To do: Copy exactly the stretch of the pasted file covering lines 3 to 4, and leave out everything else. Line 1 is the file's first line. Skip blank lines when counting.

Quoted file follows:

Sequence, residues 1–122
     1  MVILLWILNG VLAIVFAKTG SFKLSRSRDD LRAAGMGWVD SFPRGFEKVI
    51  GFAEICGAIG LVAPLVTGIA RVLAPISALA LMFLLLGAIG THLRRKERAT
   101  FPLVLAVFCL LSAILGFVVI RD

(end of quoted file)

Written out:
    51  GFAEICGAIG LVAPLVTGIA RVLAPISALA LMFLLLGAIG THLRRKERAT
   101  FPLVLAVFCL LSAILGFVVI RD